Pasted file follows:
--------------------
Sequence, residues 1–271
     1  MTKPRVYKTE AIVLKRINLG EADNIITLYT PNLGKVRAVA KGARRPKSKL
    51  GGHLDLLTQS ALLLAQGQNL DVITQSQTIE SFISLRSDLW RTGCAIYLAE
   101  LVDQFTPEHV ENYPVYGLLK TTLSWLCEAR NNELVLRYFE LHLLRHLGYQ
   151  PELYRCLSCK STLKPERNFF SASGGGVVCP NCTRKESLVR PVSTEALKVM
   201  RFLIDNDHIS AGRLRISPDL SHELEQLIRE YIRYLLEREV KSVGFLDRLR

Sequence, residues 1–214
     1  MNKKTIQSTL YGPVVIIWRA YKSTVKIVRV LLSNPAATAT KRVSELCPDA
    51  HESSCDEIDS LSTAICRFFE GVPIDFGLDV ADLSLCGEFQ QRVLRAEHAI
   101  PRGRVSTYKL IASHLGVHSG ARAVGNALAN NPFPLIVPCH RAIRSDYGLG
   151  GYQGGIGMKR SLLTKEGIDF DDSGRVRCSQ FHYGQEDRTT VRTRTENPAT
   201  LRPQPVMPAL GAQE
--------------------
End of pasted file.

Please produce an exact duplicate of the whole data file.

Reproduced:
Sequence, residues 1–271
     1  MTKPRVYKTE AIVLKRINLG EADNIITLYT PNLGKVRAVA KGARRPKSKL
    51  GGHLDLLTQS ALLLAQGQNL DVITQSQTIE SFISLRSDLW RTGCAIYLAE
   101  LVDQFTPEHV ENYPVYGLLK TTLSWLCEAR NNELVLRYFE LHLLRHLGYQ
   151  PELYRCLSCK STLKPERNFF SASGGGVVCP NCTRKESLVR PVSTEALKVM
   201  RFLIDNDHIS AGRLRISPDL SHELEQLIRE YIRYLLEREV KSVGFLDRLR

Sequence, residues 1–214
     1  MNKKTIQSTL YGPVVIIWRA YKSTVKIVRV LLSNPAATAT KRVSELCPDA
    51  HESSCDEIDS LSTAICRFFE GVPIDFGLDV ADLSLCGEFQ QRVLRAEHAI
   101  PRGRVSTYKL IASHLGVHSG ARAVGNALAN NPFPLIVPCH RAIRSDYGLG
   151  GYQGGIGMKR SLLTKEGIDF DDSGRVRCSQ FHYGQEDRTT VRTRTENPAT
   201  LRPQPVMPAL GAQE